15 Responses to Syracuse University Architecture

  1. Larry Eiss says:

    My dad worked at ESF for many years, including during the time you were there. He retired in 1985 and was a machinist in a shop near the paper mill. He made all sorts of custom stuff for various experiments professors wanted to conduct. He also did a lot of maintenance work and construction of some things needed by the College.

    Like

  2. The Hall of Languages is both my favorite image in this set and favorite building. I know from experience that lining up a seemingly simple centered architecture shot can go wrong in dozens of ways, all of which you avoided, and also didn’t suffer from any lens distortion that I can see.

    Like

  3. I like the Hall of Languages, too. So much prettier than the more modern buildings

    Like

  4. Anna says:

    What a grand and lovely building Hall of Languages is… and cool name too. Really great shot. I rather like the old buildings. 🙂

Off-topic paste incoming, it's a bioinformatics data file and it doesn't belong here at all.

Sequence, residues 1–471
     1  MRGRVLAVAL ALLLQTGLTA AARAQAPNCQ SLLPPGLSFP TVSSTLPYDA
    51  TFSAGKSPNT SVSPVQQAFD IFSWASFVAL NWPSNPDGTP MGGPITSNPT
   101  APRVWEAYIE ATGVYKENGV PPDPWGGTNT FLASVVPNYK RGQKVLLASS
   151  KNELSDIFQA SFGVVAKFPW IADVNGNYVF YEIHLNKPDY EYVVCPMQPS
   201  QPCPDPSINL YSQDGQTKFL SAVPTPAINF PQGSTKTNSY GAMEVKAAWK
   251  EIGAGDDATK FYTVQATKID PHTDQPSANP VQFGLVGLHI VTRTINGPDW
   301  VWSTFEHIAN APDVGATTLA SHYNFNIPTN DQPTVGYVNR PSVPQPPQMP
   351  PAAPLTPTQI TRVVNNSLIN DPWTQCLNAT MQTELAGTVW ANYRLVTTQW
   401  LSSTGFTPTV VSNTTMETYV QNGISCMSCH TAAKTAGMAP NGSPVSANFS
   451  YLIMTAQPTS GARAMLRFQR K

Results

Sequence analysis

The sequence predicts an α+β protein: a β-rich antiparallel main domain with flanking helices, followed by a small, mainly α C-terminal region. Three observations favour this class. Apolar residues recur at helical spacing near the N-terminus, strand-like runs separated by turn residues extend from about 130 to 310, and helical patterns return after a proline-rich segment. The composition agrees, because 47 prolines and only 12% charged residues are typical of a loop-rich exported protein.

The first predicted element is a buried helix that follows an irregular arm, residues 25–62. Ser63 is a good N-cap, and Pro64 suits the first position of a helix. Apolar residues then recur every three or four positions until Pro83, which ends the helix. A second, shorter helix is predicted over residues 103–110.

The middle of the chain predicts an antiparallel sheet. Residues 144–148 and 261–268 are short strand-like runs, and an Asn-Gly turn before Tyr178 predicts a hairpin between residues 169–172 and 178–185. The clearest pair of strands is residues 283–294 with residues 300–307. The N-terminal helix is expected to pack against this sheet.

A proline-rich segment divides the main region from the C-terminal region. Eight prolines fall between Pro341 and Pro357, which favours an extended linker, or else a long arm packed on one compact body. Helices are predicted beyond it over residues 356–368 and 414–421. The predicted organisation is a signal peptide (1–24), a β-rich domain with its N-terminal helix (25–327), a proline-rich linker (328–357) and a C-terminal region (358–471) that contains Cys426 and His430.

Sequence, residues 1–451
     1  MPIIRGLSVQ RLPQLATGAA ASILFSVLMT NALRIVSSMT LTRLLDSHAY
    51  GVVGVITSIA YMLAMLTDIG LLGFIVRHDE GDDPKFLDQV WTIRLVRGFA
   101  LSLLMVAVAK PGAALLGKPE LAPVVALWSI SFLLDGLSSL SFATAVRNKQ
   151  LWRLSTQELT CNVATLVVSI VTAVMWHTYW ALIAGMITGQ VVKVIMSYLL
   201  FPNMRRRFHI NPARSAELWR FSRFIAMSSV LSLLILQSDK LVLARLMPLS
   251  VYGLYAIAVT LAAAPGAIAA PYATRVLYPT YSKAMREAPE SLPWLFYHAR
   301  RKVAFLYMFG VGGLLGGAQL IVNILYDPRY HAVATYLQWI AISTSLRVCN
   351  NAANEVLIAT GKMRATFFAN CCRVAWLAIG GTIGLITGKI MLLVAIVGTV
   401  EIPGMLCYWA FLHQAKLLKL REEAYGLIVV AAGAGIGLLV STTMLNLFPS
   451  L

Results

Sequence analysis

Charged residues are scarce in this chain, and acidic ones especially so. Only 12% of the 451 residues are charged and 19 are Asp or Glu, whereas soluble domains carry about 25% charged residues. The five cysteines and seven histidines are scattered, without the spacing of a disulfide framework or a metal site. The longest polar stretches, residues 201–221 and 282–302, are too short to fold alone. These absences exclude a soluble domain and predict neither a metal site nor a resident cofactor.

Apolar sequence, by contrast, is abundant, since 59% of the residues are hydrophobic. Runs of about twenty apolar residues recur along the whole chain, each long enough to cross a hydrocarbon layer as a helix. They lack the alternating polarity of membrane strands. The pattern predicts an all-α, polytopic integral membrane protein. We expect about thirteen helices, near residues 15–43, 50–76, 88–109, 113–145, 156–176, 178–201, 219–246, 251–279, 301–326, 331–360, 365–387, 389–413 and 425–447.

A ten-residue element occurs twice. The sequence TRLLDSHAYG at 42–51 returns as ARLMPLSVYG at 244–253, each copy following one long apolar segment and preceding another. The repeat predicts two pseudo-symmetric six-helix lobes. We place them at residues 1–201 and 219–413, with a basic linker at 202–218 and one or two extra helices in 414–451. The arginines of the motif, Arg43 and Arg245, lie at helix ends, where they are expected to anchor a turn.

Like

  5. Barbara says:

    My dad, 2 grandparents, and several other relatives are alumni of SU… so I grew up with pictures of the Hall of Languages all over my house. It’s still my favorite building there, even if it does look a little haunted!

    Like

  6. Life Normal says:

    Real nifty HDR image of Bowne Hall. I don’t know if it was intended but I like the fact that there’s a lot of orange and blue. 🙂 The Addams Family House…um…er…the Hall of Languages is a sharp one, too.

    Like

  7. Nye says:

    I like your HDR image, something that I have to learn next year.

    Like

  8. The funny thing is that I’ve seen all of these buildings in person, yet never really seen them like they are in these images, especially the Newhouse Center, which is hard to take in because of how big it is. Great stuff.

    Like

Leave a Reply

Fill in your details below or click an icon to log in:

WordPress.com Logo

You are commenting using your WordPress.com account. Log Out / Change )

Twitter picture

You are commenting using your Twitter account. Log Out / Change )

Facebook photo

You are commenting using your Facebook account. Log Out / Change )

Google+ photo

You are commenting using your Google+ account. Log Out / Change )

Connecting to %s